UC Berkeley cut the ribbon to its fifth early childhood education center to much fanfare Wednesday, in advance of the center’s opening to 42 youngsters in August.
The $4.9 million Dwight Way Child Development Center is set to open on time and less than one percent over budget. The new center increases the capacity of the campus’ Early Childhood Education Program, designed to provide care to young children of faculty, staff and students, to 256 children.
Elisa Stone, director of the Cal Teach program on campus, watched as her 17-month-old daughter, Rainer Stone, went up and down a slide in one of the toddler program rooms. Rainer will be switching from the program’s Clark Kerr location to the Dwight Way center.
“It’s a great new space. It’s beautiful, and I think it will be a great environment for her,” Stone said. “What excites me about the ECEP program in general is the commitment to having children explore and learning through exploration and discovery.”
The environmentally friendly center features four program rooms and an outdoor play yard. The rooms have a variety of slides, play materials and beds for napping, along with grassy and sand areas outside. The building will serve up to 18 infants and 24 toddlers. The center is fourth largest among the other childhood development centers in terms of capacity.
Building architects Susi Marzuola and Marjorie Smith said security was a priority when designing the 6,650 sq. ft. complex. Marzuola said the building is designed in a reversed “L” shape so the play space is removed from the parking lot and the street.
“It’s a constrained space, that was indeed the case, and we went through a number of different configurations trying to figure out what the most efficient approach was,” Marzuola said.
LeNorman Strong, associate vice chancellor overseeing Residential & Student Service Programs, said having a quality early childhood program helps in recruiting the top faculty and students to the campus.
Strong said that the childcare program also helps faculty with their research on human development.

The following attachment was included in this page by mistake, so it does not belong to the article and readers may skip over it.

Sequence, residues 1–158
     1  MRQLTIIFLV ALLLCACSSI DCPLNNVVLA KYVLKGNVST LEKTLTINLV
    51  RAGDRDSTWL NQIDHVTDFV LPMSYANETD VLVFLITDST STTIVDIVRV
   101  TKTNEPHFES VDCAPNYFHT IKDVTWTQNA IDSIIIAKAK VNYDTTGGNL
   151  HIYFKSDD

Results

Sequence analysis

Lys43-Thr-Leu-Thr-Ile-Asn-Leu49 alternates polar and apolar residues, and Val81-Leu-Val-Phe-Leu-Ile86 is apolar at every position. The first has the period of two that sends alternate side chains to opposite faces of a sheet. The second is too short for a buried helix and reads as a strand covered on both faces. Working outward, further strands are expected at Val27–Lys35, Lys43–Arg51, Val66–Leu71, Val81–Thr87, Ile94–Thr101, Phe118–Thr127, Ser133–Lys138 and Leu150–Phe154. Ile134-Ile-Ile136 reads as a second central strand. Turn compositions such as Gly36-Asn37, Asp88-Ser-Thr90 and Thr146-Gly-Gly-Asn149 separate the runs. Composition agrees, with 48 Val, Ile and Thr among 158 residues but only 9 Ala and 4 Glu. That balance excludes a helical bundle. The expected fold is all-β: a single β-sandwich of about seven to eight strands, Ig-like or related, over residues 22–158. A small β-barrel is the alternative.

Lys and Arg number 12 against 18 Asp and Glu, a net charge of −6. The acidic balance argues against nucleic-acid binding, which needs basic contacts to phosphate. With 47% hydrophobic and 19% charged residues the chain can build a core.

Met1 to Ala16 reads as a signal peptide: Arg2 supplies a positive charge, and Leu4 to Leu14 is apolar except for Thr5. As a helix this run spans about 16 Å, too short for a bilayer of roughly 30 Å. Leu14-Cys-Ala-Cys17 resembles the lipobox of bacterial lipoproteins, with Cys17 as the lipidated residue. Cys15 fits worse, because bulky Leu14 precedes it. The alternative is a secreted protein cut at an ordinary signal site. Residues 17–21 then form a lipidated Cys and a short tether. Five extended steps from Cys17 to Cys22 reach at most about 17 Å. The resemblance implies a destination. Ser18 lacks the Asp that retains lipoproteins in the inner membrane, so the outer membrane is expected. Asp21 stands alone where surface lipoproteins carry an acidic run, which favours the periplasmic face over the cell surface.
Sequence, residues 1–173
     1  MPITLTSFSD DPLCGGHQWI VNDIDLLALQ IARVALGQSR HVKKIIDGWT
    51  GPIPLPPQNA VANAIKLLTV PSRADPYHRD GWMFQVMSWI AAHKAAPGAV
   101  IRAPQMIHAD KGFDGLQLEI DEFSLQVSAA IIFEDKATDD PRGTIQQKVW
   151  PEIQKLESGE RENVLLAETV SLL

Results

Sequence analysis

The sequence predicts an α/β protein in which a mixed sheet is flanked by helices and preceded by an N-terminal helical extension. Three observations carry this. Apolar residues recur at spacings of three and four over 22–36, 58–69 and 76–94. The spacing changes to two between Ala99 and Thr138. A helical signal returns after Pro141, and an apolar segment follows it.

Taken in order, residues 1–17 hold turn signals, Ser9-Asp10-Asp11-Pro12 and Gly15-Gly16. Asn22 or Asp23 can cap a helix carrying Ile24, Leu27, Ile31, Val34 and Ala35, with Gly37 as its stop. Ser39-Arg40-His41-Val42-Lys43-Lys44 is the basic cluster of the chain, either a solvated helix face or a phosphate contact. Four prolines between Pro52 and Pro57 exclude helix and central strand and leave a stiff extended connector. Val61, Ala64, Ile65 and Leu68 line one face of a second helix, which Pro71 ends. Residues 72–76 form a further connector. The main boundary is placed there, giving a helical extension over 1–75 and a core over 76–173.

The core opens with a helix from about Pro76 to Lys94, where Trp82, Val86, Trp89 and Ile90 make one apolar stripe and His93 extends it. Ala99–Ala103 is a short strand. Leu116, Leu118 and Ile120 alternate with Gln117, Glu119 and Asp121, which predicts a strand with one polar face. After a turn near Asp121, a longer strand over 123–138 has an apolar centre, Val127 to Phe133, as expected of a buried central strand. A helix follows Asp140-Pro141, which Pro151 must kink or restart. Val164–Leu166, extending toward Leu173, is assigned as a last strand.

“We recruit the world’s best scholars as faculty, as students, and we know that providing quality child care enables them to then do their best work. They aren’t worried about the care their children receive,” Strong said.
Strong said that ideally the capacity for the program would expand by another 100 slots, but research will likely be done in the future to determine how much more capacity is needed. The Dwight Way center replaces the now closed Girton Hall childhood facility and further bumps the capacity by eight slots.
Still, even if the program were to be expanded, Strong said funding more child care could be an issue.
“How are we going to keep the costs of childcare affordable?” Strong said. “Right now there are no direct subsidies from the university that come to support our operations.”
According to Mary-Ann Spencer Cogan, director of Organizational and Child Care Services on campus, childcare and early education for an infant can cost nearly $25,000 for a full year.
Unsubsidized costs for the learning program run upwards of $2,000 for infants per month and more than $1,800 per month for toddlers. Students with need are eligible for free or reduced costs.
“These are Cal’s youngest students,” Spencer Cogan said. “A lot of people think of this as daycare. This is more than daycare. If you teach a child how to think, how to explore, how to discover and how to maintain that natural inquisitiveness — that’s a skill that’s lifelong and that’s what our program is about.”